Run-On Sentences Lesson Plan

Instructor: Jason Lineberger

Jason has 20 years of education experience including 14 years of teaching college literature.

Run-on sentences are one of the most common errors in student writing, but they're easy to fix once students know how. This lesson plan presents a hands-on activity to help students find and correct run-ons.

Learning Objectives

After this lesson, students will be able to:

  • identify run-on sentences
  • fix run-on sentences through the use of ending punctuation, semi-colons, and commas with conjunctions and subordinators


30-45 minutes

Curriculum Standards


Demonstrate command of the conventions of standard English capitalization, punctuation, and spelling when writing.


Use a semicolon (and perhaps a conjunctive adverb) to link two or more closely related independent clauses.

Materials Needed

  • word cards - see lesson instructions
  • exit tickets (index cards, sticky notes, or small sheets of paper)
  • scissors

Lesson Instructions

Accessing Prior Knowledge

  • The day before the lesson, end class with an exit ticket activity to assess how much your students already know about run-on sentences.
  • Display a few short run-on sentences. A common misconception that students have is that run-on sentences are long. You might use a short, fused sentence like, ''He passed to me I shot a three-pointer.'' You should also include a short comma splice like, ''I bought a telescope, we looked at the stars.''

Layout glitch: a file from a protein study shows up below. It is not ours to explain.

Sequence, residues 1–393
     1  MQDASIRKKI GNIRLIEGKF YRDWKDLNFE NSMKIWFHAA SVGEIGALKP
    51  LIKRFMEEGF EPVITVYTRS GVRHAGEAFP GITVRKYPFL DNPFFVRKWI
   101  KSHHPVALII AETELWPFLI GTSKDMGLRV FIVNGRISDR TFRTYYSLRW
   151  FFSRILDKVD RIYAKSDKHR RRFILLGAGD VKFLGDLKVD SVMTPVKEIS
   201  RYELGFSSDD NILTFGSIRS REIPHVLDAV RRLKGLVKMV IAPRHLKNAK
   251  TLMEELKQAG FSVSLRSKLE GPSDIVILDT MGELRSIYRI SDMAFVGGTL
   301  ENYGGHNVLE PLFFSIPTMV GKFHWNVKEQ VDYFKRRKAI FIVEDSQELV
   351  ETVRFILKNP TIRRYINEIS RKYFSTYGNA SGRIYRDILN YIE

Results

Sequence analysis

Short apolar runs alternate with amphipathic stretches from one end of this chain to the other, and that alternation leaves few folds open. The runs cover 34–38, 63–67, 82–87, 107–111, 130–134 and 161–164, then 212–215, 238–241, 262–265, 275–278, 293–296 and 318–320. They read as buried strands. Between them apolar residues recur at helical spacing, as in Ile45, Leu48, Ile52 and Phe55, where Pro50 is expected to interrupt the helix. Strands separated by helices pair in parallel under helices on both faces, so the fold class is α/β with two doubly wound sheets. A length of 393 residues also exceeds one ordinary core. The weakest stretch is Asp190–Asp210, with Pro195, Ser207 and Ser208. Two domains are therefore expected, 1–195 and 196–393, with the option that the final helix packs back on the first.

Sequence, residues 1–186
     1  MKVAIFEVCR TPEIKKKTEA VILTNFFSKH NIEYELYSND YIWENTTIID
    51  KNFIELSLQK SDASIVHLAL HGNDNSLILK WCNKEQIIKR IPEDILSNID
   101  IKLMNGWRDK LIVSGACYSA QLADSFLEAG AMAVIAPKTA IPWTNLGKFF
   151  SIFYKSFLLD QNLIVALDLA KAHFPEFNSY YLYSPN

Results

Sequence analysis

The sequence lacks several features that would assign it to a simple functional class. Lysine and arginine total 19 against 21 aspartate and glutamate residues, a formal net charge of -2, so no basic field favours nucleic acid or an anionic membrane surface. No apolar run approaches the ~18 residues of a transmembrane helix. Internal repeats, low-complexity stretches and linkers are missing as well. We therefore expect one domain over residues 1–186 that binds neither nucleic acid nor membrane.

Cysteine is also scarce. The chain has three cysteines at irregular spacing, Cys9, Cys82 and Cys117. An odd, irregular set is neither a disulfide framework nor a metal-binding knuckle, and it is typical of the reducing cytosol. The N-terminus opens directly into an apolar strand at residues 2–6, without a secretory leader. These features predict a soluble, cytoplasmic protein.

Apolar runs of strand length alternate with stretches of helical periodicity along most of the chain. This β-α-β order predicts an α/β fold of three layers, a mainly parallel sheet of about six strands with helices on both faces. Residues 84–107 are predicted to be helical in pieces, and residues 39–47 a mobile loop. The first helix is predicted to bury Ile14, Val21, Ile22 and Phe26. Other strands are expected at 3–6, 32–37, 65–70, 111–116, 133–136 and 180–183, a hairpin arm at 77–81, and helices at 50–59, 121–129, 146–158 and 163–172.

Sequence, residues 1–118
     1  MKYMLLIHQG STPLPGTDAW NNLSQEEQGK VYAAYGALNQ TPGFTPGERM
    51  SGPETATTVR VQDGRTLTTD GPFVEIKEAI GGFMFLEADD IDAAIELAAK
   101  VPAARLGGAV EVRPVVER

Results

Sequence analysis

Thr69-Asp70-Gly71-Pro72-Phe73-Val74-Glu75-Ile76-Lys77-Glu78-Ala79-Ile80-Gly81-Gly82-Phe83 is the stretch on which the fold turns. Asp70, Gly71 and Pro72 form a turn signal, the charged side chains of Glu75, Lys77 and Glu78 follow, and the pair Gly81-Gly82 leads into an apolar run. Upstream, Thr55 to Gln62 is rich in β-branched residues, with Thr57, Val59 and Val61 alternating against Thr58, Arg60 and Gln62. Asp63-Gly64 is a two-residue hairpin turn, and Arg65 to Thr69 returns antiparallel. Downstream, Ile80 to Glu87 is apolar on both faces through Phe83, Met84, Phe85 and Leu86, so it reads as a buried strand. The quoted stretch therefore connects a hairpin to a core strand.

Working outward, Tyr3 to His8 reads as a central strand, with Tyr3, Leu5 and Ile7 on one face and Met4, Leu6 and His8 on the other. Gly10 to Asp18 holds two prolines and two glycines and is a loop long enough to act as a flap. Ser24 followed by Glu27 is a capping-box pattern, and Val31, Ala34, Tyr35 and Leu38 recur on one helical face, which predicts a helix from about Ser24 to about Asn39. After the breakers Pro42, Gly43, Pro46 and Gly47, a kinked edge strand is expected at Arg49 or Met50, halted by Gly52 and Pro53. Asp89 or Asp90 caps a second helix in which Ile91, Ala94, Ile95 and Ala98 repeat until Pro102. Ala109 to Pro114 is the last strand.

• Ask students to write corrections for these two sentences as their exit ticket. Collect these to determine how much practice students will need on identifying and correcting run-ons.

Hands-on Corrections

  • Begin class by defining run-on sentences and the different types of run-ons. Show the sentences from the previous day and invite students to make corrections.
  • Play the video lesson Run-on Sentences: Examples & Corrections. Stop at 1:17 in the video.
  • Move students into pairs and distribute the first set of word cards. To create the word cards, print out a run-on sentence using a large font size. Cut out each word. Also, print out a set of coordinating conjunctions, a comma, a semi-colon, and a period. Your first sentence might be similar to this one, ''I really enjoy playing hockey I would like to spend every afternoon at the ice rink.''
  • Instruct the pairs to arrange the words into two sentences with the use of the extra period card. Walk around the room to offer help and assess their progress.
  • Now the pairs should create a single sentence with a semi-colon joining the two independent clauses.
  • Finish by asking the students to make a sentence that joins the clauses with a conjunction.

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